It’s once again the season for Yee Sang and much feasting as the Lunar New Year is looming with just a few more sleeps to go.
The lavish meal enjoyed on the eve of the Lunar New Year is an important cultural event for the Chinese, especially the family reunion dinner and paying homage to elders and ancestors.
The traditional reunion dinner gathers all immediate family members around the dinner table for a noisy and fun-filled, once-a-year event which is usually held in the patriarch’s house.
But in keeping with modern times, it is inevitable that the reunion dinner – while still highly significant – has gone through a transformation.
More and more families are choosing to host the auspicious dinner on a rotation basis, while some forgo it for trips abroad, and many choose to host it at a fancy restaurant or a hotel.
This saves the (mostly) womenfolk the time-consuming and labour intensive hassle of preparing the elaborate meal and the massive washing up afterwards.
If you are going with the last option and still undecided where to have your family gathering, the exquisitely furnished, award winning Ee Chinese Cuisine at the Eastin Hotel Kuala Lumpur is a good choice.
The pork-free Cantonese specific fine cuisine at Ee ranges from the traditional to dishes with a modern twist.
For their 2020 Chinese New Year offerings, many sumptuous festive set menus are available until February 8, starting from RM888 nett for a table of four, RM1688 for a table of six to RM2288 for a table of 10.
There’s also a special banquet get-together promotion at RM1388 nett per table for you to celebrate dinner with colleagues, clients and business partners.
Start off with a “Lou Sang” (prosperity toss) of the Yee Sang as Ee’s version comes with several choices: lobster, abalone, salmon, trout, white tuna and jellyfish starting from RM118 nett per serving. The higher you toss, the higher your life and social standard will improve in the coming year.
FMT was recently invited to Ee Chinese Cuisine and can confidently say that their dishes use premium quality ingredients and are made with dedication, especially the double-boiled soups which are very well executed.
If you opt for the set, after the Yee Sang you get to indulge in double-boiled superior Shark’s fin Soup with American ginseng, fish maw and topshell.
The soup is thick with flavor, testament to the skill and effort put in by the chef, while the addition of fish maw symbolises “growing richness” as its name in Chinese implies.
This is followed by steamed giant grouper with ginger sauce. The fish is perfectly done, its smooth and creamy flesh pairing well with the gentle heat from the ginger.
Fish is a must at the reunion dinner as in Mandarin, the word for “surplus” is a homophone of “fish”.
Steamed capon (kampong chicken) with cordyceps flower and wolfberries is next, the yellow colour of the chicken indicating its origin before it was even set on the table.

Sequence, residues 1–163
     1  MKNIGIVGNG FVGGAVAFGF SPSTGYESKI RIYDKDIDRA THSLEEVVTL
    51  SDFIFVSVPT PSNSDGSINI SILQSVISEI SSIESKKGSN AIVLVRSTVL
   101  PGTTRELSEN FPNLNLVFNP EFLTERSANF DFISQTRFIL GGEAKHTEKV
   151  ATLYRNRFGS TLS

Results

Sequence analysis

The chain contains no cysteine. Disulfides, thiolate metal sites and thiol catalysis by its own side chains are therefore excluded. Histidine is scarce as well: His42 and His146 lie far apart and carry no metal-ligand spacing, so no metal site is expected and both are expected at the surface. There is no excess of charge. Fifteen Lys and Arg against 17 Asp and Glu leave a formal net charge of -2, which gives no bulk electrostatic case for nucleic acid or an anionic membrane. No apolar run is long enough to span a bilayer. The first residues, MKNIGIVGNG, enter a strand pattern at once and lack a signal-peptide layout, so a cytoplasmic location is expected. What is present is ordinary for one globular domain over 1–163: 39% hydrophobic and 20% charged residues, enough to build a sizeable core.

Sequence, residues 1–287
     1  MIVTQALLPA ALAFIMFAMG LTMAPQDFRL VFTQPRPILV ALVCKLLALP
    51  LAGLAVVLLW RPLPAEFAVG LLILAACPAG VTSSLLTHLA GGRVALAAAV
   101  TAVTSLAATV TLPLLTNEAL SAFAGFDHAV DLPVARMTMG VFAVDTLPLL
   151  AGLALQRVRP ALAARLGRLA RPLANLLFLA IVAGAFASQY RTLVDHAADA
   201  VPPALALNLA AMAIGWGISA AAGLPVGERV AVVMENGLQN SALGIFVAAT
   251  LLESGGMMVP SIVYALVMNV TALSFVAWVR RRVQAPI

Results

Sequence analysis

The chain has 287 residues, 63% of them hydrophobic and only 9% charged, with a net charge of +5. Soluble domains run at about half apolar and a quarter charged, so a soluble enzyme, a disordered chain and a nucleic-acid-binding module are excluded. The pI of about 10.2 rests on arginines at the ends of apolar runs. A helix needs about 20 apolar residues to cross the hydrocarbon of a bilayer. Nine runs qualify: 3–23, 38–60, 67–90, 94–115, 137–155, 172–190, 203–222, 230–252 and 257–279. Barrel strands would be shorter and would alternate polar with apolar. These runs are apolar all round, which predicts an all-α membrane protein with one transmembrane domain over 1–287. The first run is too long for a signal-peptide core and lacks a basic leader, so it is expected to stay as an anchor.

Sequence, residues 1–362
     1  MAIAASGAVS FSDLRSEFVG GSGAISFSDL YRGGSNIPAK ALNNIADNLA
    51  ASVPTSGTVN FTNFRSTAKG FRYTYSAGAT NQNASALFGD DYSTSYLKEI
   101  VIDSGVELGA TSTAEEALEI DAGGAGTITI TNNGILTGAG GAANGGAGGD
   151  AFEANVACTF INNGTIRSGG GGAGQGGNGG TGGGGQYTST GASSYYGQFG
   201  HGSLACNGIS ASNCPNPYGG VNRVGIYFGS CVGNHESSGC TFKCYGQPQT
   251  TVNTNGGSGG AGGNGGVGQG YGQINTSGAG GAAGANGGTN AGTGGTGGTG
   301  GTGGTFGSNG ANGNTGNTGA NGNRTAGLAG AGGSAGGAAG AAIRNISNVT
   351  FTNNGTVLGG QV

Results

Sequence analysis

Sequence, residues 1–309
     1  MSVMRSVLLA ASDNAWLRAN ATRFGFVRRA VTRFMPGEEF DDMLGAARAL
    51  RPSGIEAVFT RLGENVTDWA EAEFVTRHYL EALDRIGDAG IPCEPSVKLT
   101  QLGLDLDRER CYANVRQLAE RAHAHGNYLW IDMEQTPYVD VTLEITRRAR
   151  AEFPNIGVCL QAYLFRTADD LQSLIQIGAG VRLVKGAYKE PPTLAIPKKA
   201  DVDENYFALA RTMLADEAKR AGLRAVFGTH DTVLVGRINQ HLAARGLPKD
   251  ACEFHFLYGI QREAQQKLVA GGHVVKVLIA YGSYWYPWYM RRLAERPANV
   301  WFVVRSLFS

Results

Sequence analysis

The chicken meat is leaner as it has less fat and is juicier with more texture than normal chicken.
Chicken is always served during reunion as it represents family togetherness and rebirth.
Up next, a colourful dish of braised abalone mushrooms, dried oysters and sea cucumber with vegetables. This dish hits all the spots as its contents are chewy, savoury, smooth, umami and crunchy.
The Cantonese word for oyster sounds like “good things” whereas sea cucumber sounds like “give birth” signifying that the family will be blessed with fortune and a new-born may arrive during the coming year.
For the compulsory carbo load, fragrant claypot rice with preserved waxed meat arrives next, reminiscent of the ubiquitous claypot chicken rice found just about everywhere.
The rice is delightfully flavourful while some of the cured meat can be a tad over powering. As with every other dish, there is a meaning association here as cured meat symbolizes food that will last the family all year long.
For dessert, you are served double-boiled peach jelly with glutinous rice dumplings and osmanthus.
This is an inspired choice as peach is synonymous with immortality while the rice dumpling or “tong yuen” sounds like “reunion” and “togetherness”.
Finally, there is deep fried kuih bakul “Nien Gao” with yam, the delicacy bursting with ooey gooey goodness at every bite.
Nien Gao literally translates to “New Year cake”, another homophonic pun it as sounds like the word for “to grow”.
Kudos to the chefs and their team as the cuisine at Ee shows just how mindful of quality and consistently good their food is.
Pick up your phone and reserve your table now as Ee Chinese Cuisine is very popular with diners.
Ee Chinese Cuisine
Eastin Hotel Kuala Lumpur
13 Jalan 16/11
Pusat Dagangan Seksyen 16
46350 Petaling Jaya